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Blame Game After Locals Seeking Jobs at Vedanta’s Bokaro Steel Plant Beaten

Ayaskant Das |
The Jharkhand Police said that it is investigating the incident and is yet to arrest the culprits.

New Delhi: More than 12 people were injured in Jharkhand’s Bokaro district on November 27 when private security personnel of a steel manufacturing unit clashed with displaced people demanding jobs in it.

The 15-year-old steel plant, mired in controversies for violating environmental rules, belongs to billionaire businessman Anil Agarwal’s London-headquartered Vedanta Group, which acquired it for Rs 5,320 crore in a corporate insolvency resolution case in June 2018.

The violence occurred outside the main entrance of ESL Steel Limited, in Bokaro’s Siyaljori village. The locals have alleged that the clash started when Vedanta Group’s security guards thrashed the peaceful protestors.

Vedanta, however, claimed that the protestors didn’t allow change of staff after completion of their shift, which triggered the violence.

“On November 27, the company’s guards beat us up in the presence of policemen and senior district administration officials. Many of us were injured. The cops and the officials didn’t even intervene to save us and take the injured to hospital for treatment,” Jagannath Rajwar (47), a protester from Asanbani village, told this correspondent.

“We only demanding jobs for the locals and payment of compensation.”

Rajwar added that the company “is yet to provide jobs to  locals who lost their land” more than more than 15 years after becoming operational.

“Compensation is yet to be paid. Around three months ago, the company promised to provide the promised jobs and compensation within 90 days. We started protesting outside the site only after the company failed to keep its promises,” he further added.

The Jharkhand Police, on the other hand, has claimed that none of the protestors were injured. In an FIR registered at the local police station, 40 locals have been booked for the violence though no one has been arrested.


A snippet from the local newspaper covering the protest on November 27.

“Around 250 protestors were involved in the violence. But only the cops and the company’s guards sustained injuries. The villagers resorted to stone-pelting in which certain government vehicles were also damaged,” said Bokaro superintendent of police Priyadarshi Alok.

However, the police refused to answer when asked about allegations that the guards incited the violence.

“Investigations are under way. Only a thorough enquiry will reveal who incited the violence. We will arrest the culprits after investigation is complete,” Alok told this correspondent.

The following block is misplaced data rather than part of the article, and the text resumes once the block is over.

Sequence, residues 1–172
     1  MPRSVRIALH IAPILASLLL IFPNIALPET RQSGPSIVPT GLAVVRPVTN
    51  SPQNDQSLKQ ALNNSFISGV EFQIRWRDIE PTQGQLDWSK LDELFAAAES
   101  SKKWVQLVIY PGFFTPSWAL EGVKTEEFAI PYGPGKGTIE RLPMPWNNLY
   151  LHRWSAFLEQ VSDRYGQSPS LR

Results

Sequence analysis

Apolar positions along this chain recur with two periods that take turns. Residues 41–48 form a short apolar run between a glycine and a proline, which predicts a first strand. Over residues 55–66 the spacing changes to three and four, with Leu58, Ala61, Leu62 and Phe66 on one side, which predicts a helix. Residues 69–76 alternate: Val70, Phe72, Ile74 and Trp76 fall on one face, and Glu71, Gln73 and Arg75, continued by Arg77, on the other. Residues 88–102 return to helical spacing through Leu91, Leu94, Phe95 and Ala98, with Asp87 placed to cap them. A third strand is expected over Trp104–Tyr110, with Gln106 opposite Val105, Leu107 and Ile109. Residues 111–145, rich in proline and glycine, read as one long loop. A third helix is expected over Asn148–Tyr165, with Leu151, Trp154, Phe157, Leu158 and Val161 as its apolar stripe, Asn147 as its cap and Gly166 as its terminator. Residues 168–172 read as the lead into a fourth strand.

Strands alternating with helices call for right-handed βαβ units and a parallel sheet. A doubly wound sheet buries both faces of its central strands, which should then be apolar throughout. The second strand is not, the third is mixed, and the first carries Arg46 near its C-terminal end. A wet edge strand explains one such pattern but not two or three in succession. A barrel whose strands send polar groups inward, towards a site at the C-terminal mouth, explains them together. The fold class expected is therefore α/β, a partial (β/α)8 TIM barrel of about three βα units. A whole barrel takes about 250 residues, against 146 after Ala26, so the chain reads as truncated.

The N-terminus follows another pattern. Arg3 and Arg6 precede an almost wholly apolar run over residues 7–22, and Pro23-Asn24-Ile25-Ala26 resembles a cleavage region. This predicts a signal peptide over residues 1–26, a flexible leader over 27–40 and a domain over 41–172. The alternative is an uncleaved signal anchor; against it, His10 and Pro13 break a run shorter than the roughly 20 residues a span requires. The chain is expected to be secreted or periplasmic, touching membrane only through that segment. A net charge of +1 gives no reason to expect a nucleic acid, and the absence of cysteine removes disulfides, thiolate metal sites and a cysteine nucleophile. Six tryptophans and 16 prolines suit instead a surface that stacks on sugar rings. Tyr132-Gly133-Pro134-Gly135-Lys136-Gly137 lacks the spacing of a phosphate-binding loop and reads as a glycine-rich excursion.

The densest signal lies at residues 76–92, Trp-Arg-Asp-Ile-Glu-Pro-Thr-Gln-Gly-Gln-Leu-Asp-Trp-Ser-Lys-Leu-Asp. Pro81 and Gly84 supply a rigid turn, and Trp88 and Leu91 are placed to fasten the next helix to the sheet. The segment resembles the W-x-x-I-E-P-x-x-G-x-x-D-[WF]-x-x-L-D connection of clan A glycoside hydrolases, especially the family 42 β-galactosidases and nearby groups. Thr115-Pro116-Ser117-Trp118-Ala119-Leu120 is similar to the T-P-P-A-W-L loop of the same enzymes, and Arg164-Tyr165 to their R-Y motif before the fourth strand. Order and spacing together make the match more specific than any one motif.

According to the police and the district administration, law and order is under control following a round of talks between the protestors and the company. Besides, the company has also reportedly promised to provide jobs to the locals.

“In 2012, there was an agreement between the company and villagers to provide, at least, one job to each project-affected family. However, the company could not employ everyone seeking jobs. Further, workers were employed on contractual basis. Some of them were also later terminated,” a senior administration official requesting anonymity said.

The numbers of jobs to be provided based on the agreement is enormous, the official added. “The management and the agitators have reached a truce after it was promised that a few jobs will be provided urgently with the provision for generating more employment in future.”

The company has been at loggerheads with local communities for more than a decade for failing to meet its promise of generating adequate employment. Frequent protests were reported from outside the company’s premises much before the Vedanta takeover.

In September 2013, more than 250 protesting farmers were arrested while demanding jobs for around 1,500 people who lost their land to the project. Reportedly, the farmers were misinformed about the purpose for which the land was acquired. Besides, it was alleged that the company’s middlemen had directly purchased large tracts of land from the farmers at prices well below market rates.

The project is listed amongst the largest private steel producers in the country with a manufacturing capacity of 1.88 million tonnes per annum (MTPA). It has been mired in controversies for the past several years due to the lack of statutory clearances. Vedanta has claimed that all non-compliances were passed down to it in legacy when it acquired the company in 2018.

The unit doesn’t have consent for operations from the Jharkhand State Pollution Control Board (JSPCB) and lacks a valid environmental clearance. Its application seeking post facto clearance against encroachment of forestland is also yet to be approved.